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  • Translator: Joseph Geni Reviewer: Morton Bast

    我們總是聽說手機簡訊是個禍源

  • We always hear that texting is a scourge.

    傳簡訊代表一種能力的退化

  • The idea is that texting spells the decline and fall

    不管是任何正常的識字能力,還是寫作能力

  • of any kind of serious literacy, or at least writing ability,

    美國以至於全世界的年輕人

  • among young people in the United States

    都有退化的現象

  • and now the whole world today.

    事實上並非如此

  • The fact of the matter is that it just isn't true,

    但很容易讓人信以為真

  • and it's easy to think that it is true,

    為了要以另外一種角度來看這件事

  • but in order to see it in another way,

    為了要證明傳簡訊是件神奇的事

  • in order to see that actually texting is a miraculous thing,

    不僅充滿活力,而且非常神奇

  • not just energetic, but a miraculous thing,

    這一種新興的複雜性

  • a kind of emergent complexity

    就在我們眼前發生

  • that we're seeing happening right now,

    我們必須回顧一下

  • we have to pull the camera back for a bit

    看看語言到底是怎麼一回事

  • and look at what language really is,

    在這種情況下,我們會知道

  • in which case, one thing that we see

    傳簡訊跟寫作完全不同

  • is that texting is not writing at all.

    這是什麼意思呢

  • What do I mean by that?

    基本上,我們想一想

  • Basically, if we think about language,

    語言已經出現了約15萬年

  • language has existed for perhaps 150,000 years,

    至少也有八萬年

  • at least 80,000 years,

    而它的起源是說話—人類開始交談

  • and what it arose as is speech. People talked.

    那可能是我們與生俱來的能力

  • That's what we're probably genetically specified for.

    說話是我們最常使用語言的方式

  • That's how we use language most.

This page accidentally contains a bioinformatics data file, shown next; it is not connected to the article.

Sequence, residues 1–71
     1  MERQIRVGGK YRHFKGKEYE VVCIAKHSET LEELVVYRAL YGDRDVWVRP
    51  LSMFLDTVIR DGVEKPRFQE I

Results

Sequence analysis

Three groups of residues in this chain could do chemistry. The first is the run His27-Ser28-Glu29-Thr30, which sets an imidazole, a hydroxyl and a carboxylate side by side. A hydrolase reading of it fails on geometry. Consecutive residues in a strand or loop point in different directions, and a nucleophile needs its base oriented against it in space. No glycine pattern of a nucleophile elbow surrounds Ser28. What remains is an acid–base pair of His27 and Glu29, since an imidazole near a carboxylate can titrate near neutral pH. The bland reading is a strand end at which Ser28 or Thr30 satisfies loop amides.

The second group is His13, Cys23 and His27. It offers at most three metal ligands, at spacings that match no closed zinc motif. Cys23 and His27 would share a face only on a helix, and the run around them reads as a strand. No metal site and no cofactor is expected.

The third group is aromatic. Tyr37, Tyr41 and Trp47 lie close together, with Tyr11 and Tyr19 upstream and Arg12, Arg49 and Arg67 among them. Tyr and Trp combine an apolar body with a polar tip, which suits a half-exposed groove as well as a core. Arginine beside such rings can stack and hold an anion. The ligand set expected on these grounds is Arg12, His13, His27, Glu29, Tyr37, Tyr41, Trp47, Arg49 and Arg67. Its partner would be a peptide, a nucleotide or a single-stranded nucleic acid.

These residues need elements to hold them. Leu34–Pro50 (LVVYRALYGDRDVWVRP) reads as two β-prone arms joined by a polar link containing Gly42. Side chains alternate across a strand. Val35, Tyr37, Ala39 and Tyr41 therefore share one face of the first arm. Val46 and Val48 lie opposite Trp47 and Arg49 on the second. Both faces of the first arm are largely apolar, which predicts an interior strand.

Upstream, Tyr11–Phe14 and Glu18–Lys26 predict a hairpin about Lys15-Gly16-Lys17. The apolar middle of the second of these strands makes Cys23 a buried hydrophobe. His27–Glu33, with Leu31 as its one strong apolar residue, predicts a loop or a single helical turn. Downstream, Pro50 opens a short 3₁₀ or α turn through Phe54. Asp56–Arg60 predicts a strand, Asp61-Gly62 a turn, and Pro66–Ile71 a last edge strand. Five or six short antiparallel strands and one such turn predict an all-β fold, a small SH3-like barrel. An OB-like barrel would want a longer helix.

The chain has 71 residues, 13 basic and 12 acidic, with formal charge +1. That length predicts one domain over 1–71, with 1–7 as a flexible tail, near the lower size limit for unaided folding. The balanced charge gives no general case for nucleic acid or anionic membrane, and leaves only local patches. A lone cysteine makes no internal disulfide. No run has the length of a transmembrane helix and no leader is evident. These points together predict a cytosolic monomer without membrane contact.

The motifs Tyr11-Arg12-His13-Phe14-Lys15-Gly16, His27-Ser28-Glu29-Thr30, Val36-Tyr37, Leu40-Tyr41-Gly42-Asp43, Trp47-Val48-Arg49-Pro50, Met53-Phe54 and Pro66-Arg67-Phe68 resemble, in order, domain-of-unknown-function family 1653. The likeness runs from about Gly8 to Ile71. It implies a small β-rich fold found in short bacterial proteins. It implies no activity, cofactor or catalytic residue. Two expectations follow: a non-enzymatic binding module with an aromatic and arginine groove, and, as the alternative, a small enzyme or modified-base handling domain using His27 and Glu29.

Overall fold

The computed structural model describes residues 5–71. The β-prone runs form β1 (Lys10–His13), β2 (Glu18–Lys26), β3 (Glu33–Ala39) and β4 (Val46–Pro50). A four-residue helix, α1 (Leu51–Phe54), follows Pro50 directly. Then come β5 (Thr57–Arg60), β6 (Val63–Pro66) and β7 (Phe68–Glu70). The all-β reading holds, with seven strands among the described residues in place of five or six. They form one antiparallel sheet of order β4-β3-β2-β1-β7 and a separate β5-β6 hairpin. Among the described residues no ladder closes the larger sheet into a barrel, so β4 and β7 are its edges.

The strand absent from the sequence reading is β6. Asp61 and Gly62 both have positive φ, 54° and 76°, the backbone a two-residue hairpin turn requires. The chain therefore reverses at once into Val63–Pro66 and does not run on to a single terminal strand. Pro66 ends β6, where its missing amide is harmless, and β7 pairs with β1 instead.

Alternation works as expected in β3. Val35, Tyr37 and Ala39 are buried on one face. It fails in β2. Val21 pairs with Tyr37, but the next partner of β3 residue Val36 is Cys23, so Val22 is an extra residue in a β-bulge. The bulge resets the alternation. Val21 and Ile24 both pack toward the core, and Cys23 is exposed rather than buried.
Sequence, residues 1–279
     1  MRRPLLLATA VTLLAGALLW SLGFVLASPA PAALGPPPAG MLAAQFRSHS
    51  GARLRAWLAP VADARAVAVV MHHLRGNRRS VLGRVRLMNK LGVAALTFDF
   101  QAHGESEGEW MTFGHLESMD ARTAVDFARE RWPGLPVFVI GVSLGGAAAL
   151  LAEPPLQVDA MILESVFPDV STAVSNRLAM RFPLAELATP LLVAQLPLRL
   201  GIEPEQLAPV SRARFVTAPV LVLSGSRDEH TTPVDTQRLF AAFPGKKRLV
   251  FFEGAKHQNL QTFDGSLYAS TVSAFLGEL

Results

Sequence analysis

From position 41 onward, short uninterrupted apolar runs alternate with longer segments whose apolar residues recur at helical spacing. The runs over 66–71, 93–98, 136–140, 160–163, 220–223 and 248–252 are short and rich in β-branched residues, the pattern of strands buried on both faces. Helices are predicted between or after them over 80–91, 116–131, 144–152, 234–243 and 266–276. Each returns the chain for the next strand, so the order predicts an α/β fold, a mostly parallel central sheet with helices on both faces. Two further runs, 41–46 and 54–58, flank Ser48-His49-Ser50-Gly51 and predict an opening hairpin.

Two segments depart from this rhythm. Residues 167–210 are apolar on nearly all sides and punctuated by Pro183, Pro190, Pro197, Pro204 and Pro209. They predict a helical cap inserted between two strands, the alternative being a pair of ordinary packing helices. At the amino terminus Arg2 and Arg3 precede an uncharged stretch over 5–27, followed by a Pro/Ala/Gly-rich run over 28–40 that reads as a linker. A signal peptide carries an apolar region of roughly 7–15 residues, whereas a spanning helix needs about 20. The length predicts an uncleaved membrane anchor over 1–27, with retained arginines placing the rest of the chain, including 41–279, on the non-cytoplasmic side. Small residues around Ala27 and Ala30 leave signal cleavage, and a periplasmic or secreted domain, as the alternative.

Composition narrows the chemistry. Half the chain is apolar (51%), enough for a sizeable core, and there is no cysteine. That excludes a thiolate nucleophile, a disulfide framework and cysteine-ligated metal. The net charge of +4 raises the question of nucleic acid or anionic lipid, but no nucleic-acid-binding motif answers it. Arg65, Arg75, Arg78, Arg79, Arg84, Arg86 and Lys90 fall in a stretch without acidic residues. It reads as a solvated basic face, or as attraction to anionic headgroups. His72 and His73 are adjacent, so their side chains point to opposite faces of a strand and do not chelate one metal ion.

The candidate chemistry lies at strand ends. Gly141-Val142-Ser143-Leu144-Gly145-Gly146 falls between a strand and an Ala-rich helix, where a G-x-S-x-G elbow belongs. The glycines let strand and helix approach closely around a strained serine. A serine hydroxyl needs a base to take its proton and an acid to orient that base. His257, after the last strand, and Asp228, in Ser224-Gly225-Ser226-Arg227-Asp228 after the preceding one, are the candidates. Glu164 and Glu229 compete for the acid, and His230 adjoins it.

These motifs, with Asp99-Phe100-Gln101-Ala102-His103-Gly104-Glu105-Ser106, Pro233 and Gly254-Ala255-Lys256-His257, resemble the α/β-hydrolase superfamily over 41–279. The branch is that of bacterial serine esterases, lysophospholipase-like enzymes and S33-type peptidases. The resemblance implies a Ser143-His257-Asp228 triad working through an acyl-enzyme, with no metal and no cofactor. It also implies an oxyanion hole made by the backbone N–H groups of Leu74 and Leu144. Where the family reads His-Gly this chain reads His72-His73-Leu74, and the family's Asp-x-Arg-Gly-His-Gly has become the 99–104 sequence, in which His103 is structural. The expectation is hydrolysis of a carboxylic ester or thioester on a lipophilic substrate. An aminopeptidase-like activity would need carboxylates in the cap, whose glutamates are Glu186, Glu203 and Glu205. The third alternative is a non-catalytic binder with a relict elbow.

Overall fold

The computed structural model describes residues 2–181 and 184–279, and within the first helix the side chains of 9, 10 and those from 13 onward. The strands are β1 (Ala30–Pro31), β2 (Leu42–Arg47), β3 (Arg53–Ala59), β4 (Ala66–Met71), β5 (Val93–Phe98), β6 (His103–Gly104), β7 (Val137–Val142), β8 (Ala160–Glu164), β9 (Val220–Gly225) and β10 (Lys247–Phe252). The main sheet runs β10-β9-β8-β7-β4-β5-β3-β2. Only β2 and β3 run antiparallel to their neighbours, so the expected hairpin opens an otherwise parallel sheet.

寫作很晚才出現

  • Writing is something that came along much later,

    而就像上次提到的

  • and as we saw in the last talk,

    寫作到底何時出現仍有爭議

  • there's a little bit of controversy as to exactly when that happened,

    但傳統估計

  • but according to traditional estimates,

    如果人類存在了 24 小時

  • if humanity had existed for 24 hours,

    那大概晚上11:07寫作才出現

  • then writing only came along at about 11:07 p.m.

    由此可知寫作是很晚才有的

  • That's how much of a latterly thing writing is.

    因此,先有談話才有寫作

  • So first there's speech, and then writing comes along

    這樣的小把戲

  • as a kind of artifice.

    別誤會,寫作有它的優點

  • Now don't get me wrong, writing has certain advantages.

    寫作是一種處理意識的過程

  • When you write, because it's a conscious process,

    而且之後可以再回顧

  • because you can look backwards,

    比起談話,寫作對語言

  • you can do things with language that are much less likely

    有更大的自由度

  • if you're just talking.

    例如,愛德華 · 吉本

  • For example, imagine a passage from Edward Gibbon's

    《羅馬帝國的衰亡》當中有一段:

  • "The Decline and Fall of the Roman Empire:"

    ”兩軍相峙超過十二小時

  • "The whole engagement lasted above twelve hours,

    直到波斯人的隊伍慢慢撤退,

  • till the graduate retreat of the Persians was changed

    以可恥的眾首領和Surenas為首

  • into a disorderly flight, of which the shameful example

    最終兵荒馬亂的逃跑。“

  • was given by the principal leaders and the Surenas himself."

    寫得真美!但說真的,沒人這樣講話

  • That's beautiful, but let's face it, nobody talks that way.

    或者至少,我們不該這麼講話

  • Or at least, they shouldn't if they're interested

    如果我們對繁衍後代還有興趣的話

  • in reproducing. That --

    (笑聲)

  • (Laughter)

    沒有人平常會那樣講話

  • is not the way any human being speaks casually.

    口語和書面語完全不同

  • Casual speech is something quite different.

    語言學家實際上告訴我們

  • Linguists have actually shown

    我們平常講話沒有注意的時候

  • that when we're speaking casually in an unmonitored way,

    我們傾向於使用大概

  • we tend to speak in word packets of maybe

    七到十個字的意群

  • seven to 10 words.

    如果你們有機會錄下

  • You'll notice this if you ever have occasion to record

    自己或一群人的談話

  • yourself or a group of people talking.

    你們會注意到,這才是口語

  • That's what speech is like.

    口語要寬鬆得多,也更簡潔